Caixin
Jan 10, 2018 07:53 AM
BUSINESS & TECH

Wanda-IBM Cloud Ambitions Turn Stormy

Wanda didn’t disclose how many employees in the cloud-computing unit will be laid off, but executives said “only a few people will stay,” an employee told Caixin. Photo: Visual China
Wanda didn’t disclose how many employees in the cloud-computing unit will be laid off, but executives said “only a few people will stay,” an employee told Caixin. Photo: Visual China

An ambitious deal between Dalian Wanda and U.S. tech giant IBM to join forces and become a top player in China’s booming cloud-computing market appears in serious jeopardy, with the Chinese property and entertainment conglomerate planning deep job cuts in a key department, sources told Caixin.

Wanda will cut the workforce at the cloud-computing department under Wanda Internet Technology Group, the sources close to the matter said. Wanda cut some jobs in Wanda Internet last year, leading to speculation that the conglomerate was retreating from the segment amid years of slow growth and mounting capital pressure.

At an internal meeting on Monday, executives blamed the downsizing on problems in its partnership with IBM forged last March, sources said.

Wanda will halt its efforts with IBM to sell cloud-computing services and temporarily suspend part of related development and research works, a Wanda employee who attended the meeting told Caixin.

The layoffs come as Wanda has backed off years of aggressive overseas buying, reflecting Beijing’s increasing scrutiny of private companies’ debt-driven investment due to concerns about capital flight and mounting corporate debts.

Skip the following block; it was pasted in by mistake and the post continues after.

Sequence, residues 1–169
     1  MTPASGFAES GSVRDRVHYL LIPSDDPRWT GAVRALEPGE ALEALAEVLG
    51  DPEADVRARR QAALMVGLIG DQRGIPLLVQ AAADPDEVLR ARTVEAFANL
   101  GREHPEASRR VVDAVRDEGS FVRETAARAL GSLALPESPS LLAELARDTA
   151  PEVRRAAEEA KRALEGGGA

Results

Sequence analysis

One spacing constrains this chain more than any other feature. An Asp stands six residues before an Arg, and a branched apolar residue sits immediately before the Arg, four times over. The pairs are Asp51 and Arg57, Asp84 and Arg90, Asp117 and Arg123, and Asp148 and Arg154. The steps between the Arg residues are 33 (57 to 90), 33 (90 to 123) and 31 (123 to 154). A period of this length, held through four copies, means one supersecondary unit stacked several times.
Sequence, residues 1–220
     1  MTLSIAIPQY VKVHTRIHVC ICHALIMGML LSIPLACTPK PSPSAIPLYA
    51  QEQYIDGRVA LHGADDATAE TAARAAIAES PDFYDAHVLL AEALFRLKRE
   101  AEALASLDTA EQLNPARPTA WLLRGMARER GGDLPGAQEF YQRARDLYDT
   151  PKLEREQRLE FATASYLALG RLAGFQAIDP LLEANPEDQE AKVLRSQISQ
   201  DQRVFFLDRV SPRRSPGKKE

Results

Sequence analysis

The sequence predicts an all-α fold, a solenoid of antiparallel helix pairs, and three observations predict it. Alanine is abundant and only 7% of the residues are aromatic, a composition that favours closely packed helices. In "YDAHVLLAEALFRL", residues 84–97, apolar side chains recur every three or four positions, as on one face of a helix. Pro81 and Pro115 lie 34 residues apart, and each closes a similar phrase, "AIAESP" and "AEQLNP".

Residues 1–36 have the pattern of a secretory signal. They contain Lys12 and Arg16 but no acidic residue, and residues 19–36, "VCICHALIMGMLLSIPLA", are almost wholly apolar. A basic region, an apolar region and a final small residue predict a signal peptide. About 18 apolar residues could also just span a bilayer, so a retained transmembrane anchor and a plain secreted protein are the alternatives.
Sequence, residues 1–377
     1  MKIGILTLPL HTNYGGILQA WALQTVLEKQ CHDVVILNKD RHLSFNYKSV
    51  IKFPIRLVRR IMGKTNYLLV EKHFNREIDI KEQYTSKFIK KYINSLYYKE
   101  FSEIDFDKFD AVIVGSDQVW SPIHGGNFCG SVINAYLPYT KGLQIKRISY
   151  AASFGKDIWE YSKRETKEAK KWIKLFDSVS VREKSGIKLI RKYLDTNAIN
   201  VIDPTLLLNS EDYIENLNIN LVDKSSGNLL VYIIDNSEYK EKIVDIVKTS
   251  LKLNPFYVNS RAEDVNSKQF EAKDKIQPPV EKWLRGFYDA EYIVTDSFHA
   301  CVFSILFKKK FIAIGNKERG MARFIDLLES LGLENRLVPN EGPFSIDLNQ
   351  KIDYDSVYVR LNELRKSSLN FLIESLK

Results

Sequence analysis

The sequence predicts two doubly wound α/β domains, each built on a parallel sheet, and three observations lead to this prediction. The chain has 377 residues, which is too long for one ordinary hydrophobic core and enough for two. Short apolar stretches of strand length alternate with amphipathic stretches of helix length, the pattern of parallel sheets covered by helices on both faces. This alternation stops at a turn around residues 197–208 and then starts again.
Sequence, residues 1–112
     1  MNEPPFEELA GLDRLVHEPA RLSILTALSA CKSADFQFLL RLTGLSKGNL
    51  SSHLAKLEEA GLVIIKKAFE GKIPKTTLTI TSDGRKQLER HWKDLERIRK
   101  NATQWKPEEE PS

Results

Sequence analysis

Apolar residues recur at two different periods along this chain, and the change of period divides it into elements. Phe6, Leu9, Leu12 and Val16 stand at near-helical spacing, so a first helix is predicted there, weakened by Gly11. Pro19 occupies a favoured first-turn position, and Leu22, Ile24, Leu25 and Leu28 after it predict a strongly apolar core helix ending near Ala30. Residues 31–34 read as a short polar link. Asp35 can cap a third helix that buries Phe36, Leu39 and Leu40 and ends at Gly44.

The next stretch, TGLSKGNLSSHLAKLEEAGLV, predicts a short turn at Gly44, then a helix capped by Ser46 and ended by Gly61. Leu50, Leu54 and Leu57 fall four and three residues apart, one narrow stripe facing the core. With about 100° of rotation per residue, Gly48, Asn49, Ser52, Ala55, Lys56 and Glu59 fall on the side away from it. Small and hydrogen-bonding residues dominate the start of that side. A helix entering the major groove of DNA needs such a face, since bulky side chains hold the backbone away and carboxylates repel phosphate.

The layoffs may signal trouble for IBM’s effort to compete with Microsoft and Amazon in China’s burgeoning cloud-services market, industry analysts said. But sources close to IBM said it has also tied up with other domestic partners, including data center provider Inspur, to compete in the Chinese market.

Wanda didn’t disclose exactly how many employees will be laid off, but executives said at the meeting that most people at the cloud-computing department – which reportedly has several hundreds of employees – will be affected and “only a few people will stay,” said the employee.

A Wanda employee said company executives didn’t make clear whether the partnership with IBM has been terminated. Instead, the employee said, “it is hard to push forward at this moment.” Another employee said it will be difficult for Wanda to resume the cloud business after the latest shakeup.

Wanda, Wanda Internet and IBM didn’t respond to Caixin’s requests for comment.

Big dreams to be a big player

Wanda Internet, set up in 2016 to focus on e-commerce, digital payments, internet finance and cloud computing, reportedly started forcing people to quit in June 2017 and accelerated the downsizing process by year-end. The layoffs were initially focused on the company’s e-commerce and part of the internet-finance departments late last year, according to Wanda employees interviewed by Caixin.